Tuesday, December 31, 2019


I have been thinking about this post for the last couple of days, thinking how different this one feels to write compared to the previous four year in review posts.  While it has been just another year filled with too many doctors visits to count, approximately 15 or more ER visits, multiple procedures, two potential sepsis' due to central line hospital admissions, PEMU stays, routine meetings, nursing challenges, out of state hospital adventures, and the usual major decision making, it has also been a year that has provided some more specific directions for how we continue our care for Sonzee.

This year we were able to find a seizure tracking device that is actually able to detect Sonzee's bigger seizure types due to a company that was willing to give us a company laptop and the go-ahead to keep it until we figured out the best algorithm for it.  We are so appreciative for this peace of mind we have been given.  2019 was by far the worst year of seizures for her, and despite my firm stance on not trialing another medication, I gave in and it sadly turned out the way I anticipated.  She has had twice the amount of seizures than she did in 2016 and over 160 more than last year.  We end the year with her on 2 high doses of anti-epileptic medications, a rapid cycling VNS, and still no seizure freedom in view. 

2019 was the first entire year of her life she spent with a central line and one that was accessed 269 days of the year.  Having a port afforded her the opportunity of adequate nutrition, the ability to avoid multiple hospital admissions due to the ability to treat her with fluids at home, 1.5 times her hydration needs, and to still spend approximately 60 days in the pool getting her swim on; however, it resulted in at least 52 needle insertions and allergic or adverse reactions to numbing creams and antimicrobial patches.  Via her port Sonzee received Total Parenteral Nutrition (TPN) and Lipids in addition to her intestinal feeds and gained 4.2 pounds and approximately 7 centimeters.  However, nothing is ever without a cost, and so we also learned this year that she is anemic and for the majority of the year was Fatty acid deficient.  She is currently on or has had treatments to ensure neither becomes a problem in the future.

In 2019 it was confirmed her bone density is due solely to her CDKL5 mutation as her other genetic panels revealed no other genetic mutations.  Throughout 2019 she only suffered two new spinal fractures and one tibia fracture in January, but as of her March scans all bones were healing appropriately and she has (thankfully) not suffered ANY fractures that we are aware of.  In 2019 we learned her DEXA score is -11.8, which places her in the severe osteoporosis category (anything -2.5 and beyond is osteoporosis) and she is her endocrinologist's all-time 2nd worse DEXA scoring patient (yay?!)  During 2019 Sonzee traveled for the 3rd time to the CDKL5 Clinic of Excellence in Denver Colorado, gained a new interventional radiologist at Columbia Presbyterian in NYC, and added another orthopedic doctor here in Phoenix.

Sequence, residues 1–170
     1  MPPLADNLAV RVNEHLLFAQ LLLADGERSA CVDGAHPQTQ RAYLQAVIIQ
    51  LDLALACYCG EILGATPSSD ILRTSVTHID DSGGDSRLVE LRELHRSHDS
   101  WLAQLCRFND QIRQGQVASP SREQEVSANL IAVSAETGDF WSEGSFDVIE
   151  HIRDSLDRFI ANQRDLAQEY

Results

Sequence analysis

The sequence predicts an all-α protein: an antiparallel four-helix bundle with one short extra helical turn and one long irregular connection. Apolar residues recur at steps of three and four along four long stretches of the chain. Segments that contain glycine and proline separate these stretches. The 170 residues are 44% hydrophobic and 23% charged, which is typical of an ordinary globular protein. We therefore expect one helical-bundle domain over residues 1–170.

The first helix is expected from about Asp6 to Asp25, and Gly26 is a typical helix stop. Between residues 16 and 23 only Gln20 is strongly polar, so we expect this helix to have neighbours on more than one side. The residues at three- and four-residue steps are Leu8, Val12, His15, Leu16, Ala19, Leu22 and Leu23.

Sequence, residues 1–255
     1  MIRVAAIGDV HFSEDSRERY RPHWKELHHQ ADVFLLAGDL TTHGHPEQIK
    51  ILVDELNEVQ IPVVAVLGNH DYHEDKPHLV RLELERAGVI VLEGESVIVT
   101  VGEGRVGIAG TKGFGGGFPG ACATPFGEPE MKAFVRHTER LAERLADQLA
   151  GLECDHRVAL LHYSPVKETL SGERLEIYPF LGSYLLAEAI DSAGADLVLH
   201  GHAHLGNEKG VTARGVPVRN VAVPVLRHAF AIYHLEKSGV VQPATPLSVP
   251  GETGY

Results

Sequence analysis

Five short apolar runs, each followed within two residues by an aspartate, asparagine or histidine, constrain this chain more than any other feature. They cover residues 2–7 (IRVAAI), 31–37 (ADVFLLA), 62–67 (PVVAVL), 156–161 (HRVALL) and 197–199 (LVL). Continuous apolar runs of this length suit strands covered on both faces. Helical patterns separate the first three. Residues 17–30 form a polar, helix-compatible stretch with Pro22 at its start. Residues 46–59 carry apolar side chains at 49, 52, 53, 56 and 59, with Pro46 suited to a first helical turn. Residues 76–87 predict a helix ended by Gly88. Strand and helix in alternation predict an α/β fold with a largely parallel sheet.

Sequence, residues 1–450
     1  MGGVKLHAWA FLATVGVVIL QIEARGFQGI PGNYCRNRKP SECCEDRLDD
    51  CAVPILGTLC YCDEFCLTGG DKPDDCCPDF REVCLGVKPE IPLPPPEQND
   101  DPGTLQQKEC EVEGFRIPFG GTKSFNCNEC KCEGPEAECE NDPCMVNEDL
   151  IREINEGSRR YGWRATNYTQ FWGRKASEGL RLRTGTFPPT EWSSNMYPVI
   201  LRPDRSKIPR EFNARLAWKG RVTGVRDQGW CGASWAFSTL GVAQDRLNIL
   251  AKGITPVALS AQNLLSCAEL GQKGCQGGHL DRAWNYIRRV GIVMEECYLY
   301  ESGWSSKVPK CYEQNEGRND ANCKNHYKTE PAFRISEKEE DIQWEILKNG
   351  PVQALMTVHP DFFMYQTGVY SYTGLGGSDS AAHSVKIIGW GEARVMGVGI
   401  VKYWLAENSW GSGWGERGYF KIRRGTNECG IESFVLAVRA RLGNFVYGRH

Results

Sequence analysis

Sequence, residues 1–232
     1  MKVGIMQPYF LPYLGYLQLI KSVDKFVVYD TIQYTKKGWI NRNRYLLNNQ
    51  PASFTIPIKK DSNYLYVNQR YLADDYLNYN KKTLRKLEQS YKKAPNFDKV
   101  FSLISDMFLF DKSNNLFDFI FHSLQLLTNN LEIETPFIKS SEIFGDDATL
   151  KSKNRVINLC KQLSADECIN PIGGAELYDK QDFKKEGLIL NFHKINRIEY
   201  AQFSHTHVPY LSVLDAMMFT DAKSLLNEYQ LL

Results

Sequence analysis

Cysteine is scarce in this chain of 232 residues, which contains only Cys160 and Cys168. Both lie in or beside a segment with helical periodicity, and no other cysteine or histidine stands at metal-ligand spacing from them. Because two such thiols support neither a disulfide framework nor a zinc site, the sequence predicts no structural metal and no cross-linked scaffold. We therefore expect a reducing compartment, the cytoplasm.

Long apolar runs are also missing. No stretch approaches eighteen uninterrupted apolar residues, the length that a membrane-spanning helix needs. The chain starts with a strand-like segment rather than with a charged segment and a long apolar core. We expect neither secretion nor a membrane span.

During 2019 Sonzee gained a new home health nurse and then 8 months later lost that same nurse so she can could further her career, but her favorite and first nurse since she started with home health nursing became her main and only nurse.  We also sadly lost our favorite clinical nursing supervisor with our agency due to scheduling, and also had yet another change with her DDD supervisor, but we are learning to adapt to these types of changes better.

In 2019 we learned that Sonzee's CVI score drastically fell from a 5 or 6 down to a 1 or 2 despite the fact that CVI scores do not typically worsen (unless there are extenuating circumstances), but she has managed to thankfully be a solid 2 out of 10 based on her December Opthalmology visit.  This, unfortunately, has left her with limited desire/ability to utilize her Tobii eye gaze device and so it sadly sits collecting dust in her room.  During her recent eye visit, we were also given instructions to begin patching again to try and help her better utilize what sight she has with fewer distractions.

The most challenging part of 2019 was watching Sonzee begin a steady decline in all areas of her health and visible zest for life.  2019 led Sam and I to many difficult tear-filled discussions and arguments with multiple professionals in order to determine what is really the best for Sonzee.  We signed a DNR and made the decision to treat her at home and avoid the hospital at all costs.  While the decisions were not easy to make and put a lump in my throat, we know this is for the best for her.  2019 was the year we fully began to fully embrace palliative care on a different level.  It was the year we refused treatments based on our confidence in knowing Sonzee best and with no regret, but with a tinge of sadness lingering in the air over the situation itself.

It is hard to say whether 2019 was Sonzee's worst year, she has had so many rough times during each of her years, I cannot say one full year was actually the worst, but I can say this year was certainly not her best.  I can say with assurance that as we close out this year, it is the one that leaves me feeling the saddest about where we currently stand, and extremely hesitant for what will come.  I feel like 2019 took a lot from our little bear, and along with it a lot of my faith, hope, and what limited positive outlook I might have been hanging on to.  2019 is another chapter I am glad to be turning the page on, but if I am honest, scared to be doing at the same time.  We have enough years under our belts to know better than to ask for calmness or for CDKL5 to be kinder to us, so for 2020, I will ask that whatever happens, I am able to see and truly believe happened for the best.

The Mighty Contributor

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